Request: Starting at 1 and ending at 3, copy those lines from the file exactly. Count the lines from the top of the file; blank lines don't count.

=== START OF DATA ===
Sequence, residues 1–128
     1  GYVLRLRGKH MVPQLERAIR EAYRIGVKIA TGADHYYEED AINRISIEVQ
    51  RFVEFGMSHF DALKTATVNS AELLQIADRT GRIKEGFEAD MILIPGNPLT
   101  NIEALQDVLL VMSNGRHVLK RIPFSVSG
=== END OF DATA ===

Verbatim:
Sequence, residues 1–128
     1  GYVLRLRGKH MVPQLERAIR EAYRIGVKIA TGADHYYEED AINRISIEVQ
    51  RFVEFGMSHF DALKTATVNS AELLQIADRT GRIKEGFEAD MILIPGNPLT